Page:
We analyze over 570 million Twitter messages from an eight month period and find that tracking a small number of keywords allows us to estimate influenza rates and alcohol sales volume with high accuracy. We validate our approach against government statistics and find strong correlations with influenza-like illnesses reported by the U.S. Centers for Disease Control and Prevention (r(14) = .964, p < .001) and with alcohol sales volume reported by the U.S. Census Bureau (r(5) = .932, p < .01). We analyze the robustness of this approach to spurious keyword matches, and we propose a document classification component to filter these misleading messages. We find that this document classifier can reduce error rates by over half in simulated false alarm experiments, though more research is needed to develop methods that are robust in cases of extremely high noise.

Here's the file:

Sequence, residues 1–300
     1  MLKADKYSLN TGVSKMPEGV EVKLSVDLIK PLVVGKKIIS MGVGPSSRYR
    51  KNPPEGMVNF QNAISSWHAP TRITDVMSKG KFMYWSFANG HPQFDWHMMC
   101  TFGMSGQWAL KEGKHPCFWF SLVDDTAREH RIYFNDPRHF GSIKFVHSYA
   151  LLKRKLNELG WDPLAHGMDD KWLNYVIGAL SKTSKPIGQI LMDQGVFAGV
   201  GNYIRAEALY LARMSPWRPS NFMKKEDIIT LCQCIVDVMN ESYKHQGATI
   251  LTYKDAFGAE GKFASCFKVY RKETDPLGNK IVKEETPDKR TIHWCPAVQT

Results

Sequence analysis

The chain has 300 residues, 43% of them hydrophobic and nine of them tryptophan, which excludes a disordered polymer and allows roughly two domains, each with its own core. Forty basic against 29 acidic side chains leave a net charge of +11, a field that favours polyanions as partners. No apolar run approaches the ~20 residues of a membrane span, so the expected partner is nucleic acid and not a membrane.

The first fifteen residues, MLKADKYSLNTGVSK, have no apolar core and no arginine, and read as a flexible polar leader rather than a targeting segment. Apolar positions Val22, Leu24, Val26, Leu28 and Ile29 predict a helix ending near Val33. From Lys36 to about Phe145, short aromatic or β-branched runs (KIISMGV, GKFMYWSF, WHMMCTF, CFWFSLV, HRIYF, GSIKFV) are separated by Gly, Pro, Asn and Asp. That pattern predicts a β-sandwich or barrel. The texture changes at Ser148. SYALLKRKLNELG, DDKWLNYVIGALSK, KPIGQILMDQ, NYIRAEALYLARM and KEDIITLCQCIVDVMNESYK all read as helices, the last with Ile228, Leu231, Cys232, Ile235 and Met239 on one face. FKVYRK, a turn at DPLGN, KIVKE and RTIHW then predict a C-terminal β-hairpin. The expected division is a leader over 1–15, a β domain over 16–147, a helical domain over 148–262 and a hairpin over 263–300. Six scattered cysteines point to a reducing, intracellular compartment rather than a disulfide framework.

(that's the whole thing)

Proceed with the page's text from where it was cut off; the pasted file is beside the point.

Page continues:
author  = Aron Culotta,
  title   = {Lightweight methods to estimate influenza rates and alcohol sales volume from {T}witter messages},
  journal = {Language Resources and Evaluation, Special Issue on Analysis of Short Texts on the Web},
  volume  = {47},
  number  = {1},
  pages   = {217--238},
  year    = 2013,